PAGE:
Home / SCIENCE / Man Develops Star Shaped Cataracts After Being Electrocuted

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  • athomsfere

    So he wasn’t electrocuted if he later complained of vision problems… Electrocution means death.

    • CharlesKGim

      That’s a strange statement lol. Its not like its a new word. If you stick your tongue on a battery you will be electrocuted. Not sure when people ever referred to it to mean killed.

      • Chazz Matthews

        NO, you will be electric shock — but not be electrocuted. You won’t die.

    • Scott Dean

      Oxford dictionary: “injure or kill (someone) by electric shock”

    • Patrick Byrne

      I hate people who make it their quest to invent new and exclusive definitions for words that have been defined a certain way for nearly ever. Get a life dim bulb!

      • athomsfere

        Your ignorance of the history and coinage of a term has nothing to do with my intelligence. The term “electrocute” is a combination of “electro” and “execute”, meaning specifically execution by electricity and now includes accidental death from electricity. I have no interest in inventing definitions to words, but I do care to maintain the precision of the language with words like electrocution.

        • David Cross

          The dictionary is a reflection of the spoken language… not the other way around. Frustrating, but true.

          • athomsfere

            True. But words often are misused or incorrectly defined. Drowned is not submerged or near drowned, electrocuted is not a shock, and there is a difference between affect and effect.

            Language is organic and constantly changing, but hopefully some people’s ignorance doesn’t remove the precision that words like shock versus electrocute gives the language.

          • odubya23

            This just in! Professionals that should have a working knowledge of English all too often don’t! Film at eleven!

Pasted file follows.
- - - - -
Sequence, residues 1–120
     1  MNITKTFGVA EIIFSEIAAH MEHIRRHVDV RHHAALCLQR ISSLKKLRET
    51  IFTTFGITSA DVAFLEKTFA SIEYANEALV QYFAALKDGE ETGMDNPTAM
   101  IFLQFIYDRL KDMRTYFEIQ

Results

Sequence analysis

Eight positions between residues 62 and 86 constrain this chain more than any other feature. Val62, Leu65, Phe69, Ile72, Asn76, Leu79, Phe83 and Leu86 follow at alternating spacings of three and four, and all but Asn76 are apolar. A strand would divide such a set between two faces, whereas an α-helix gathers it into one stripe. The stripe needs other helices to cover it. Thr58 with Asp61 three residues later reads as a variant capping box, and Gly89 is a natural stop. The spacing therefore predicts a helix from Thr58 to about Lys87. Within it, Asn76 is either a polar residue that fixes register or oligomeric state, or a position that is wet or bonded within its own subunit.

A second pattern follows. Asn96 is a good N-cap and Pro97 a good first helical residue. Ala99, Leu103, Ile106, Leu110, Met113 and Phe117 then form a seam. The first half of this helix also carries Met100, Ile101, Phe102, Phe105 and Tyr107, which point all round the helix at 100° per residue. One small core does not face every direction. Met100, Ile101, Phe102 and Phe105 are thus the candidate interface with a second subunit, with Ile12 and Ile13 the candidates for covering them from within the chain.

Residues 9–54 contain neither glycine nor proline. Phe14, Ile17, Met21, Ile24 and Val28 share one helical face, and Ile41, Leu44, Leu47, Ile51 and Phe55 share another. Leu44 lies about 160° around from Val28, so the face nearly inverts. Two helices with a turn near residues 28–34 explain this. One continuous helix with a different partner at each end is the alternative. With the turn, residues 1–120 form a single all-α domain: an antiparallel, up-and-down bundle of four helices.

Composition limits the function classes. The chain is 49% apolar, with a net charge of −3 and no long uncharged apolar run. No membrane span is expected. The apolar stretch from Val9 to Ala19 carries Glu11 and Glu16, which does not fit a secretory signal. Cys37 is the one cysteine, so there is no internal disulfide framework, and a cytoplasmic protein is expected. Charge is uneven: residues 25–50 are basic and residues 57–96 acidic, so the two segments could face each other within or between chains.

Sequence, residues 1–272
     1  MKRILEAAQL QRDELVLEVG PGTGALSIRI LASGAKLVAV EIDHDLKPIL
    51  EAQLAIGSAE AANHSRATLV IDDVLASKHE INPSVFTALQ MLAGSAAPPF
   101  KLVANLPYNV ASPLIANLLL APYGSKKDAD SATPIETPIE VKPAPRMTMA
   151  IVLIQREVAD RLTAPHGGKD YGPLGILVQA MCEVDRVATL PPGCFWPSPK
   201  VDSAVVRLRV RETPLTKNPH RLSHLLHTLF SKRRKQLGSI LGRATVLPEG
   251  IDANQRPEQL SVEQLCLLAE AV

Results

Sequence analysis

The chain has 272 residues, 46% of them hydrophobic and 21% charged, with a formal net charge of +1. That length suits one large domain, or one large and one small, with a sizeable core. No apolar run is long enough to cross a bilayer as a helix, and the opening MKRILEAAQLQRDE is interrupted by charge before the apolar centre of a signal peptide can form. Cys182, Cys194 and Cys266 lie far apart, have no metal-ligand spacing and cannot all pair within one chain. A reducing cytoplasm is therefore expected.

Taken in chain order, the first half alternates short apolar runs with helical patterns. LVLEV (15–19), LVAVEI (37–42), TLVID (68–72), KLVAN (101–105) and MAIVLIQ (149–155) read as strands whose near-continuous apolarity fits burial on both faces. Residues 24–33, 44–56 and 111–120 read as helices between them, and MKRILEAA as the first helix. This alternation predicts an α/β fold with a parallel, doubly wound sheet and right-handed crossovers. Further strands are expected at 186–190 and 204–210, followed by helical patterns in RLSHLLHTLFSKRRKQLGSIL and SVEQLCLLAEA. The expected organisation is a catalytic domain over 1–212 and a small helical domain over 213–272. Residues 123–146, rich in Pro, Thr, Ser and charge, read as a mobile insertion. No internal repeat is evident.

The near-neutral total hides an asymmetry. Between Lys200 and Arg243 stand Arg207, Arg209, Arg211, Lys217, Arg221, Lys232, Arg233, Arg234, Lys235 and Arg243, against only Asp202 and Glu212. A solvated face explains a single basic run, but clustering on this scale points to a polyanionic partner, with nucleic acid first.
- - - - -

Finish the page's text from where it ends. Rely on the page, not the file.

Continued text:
• Kurtis Engle

            The dictionary is a tool intended to counteract the tendency for words to change meaning when dumb people get ahold of them. Latin is another, stronger tool, that is used to the same purpose. Latin takes language away from dumb people, while the Dictionary permits the rest of us to authoritatively correct a newspaper.

        • Ceci Pipe

          Speaking of ignorance… You know that the original Latin didn’t mean kill, right?

          Words change, your inability to do so reflects nothing but your own failings.

          • athomsfere

            Welcome to the conversation, a year late! Luckily, ignorance apparently knows nothing of time frames. I’m so happy that in this day and age we have ignorant people (such as yourself) who invent facts to call others ignorant.

            Electrocute was coined in the late 1800’s (well after the demise of Latin) to join the words electro and execute.

            As a bit of a linguist, I have no qualms with evolving languages either. Electrocute grew to include accidental death, but it retained a level of precision that kept the word useful. If one is electrocuted by dropping a blender in a bath tub, it remains obvious that there is no executioner. The result however, from a competent English speaker is death.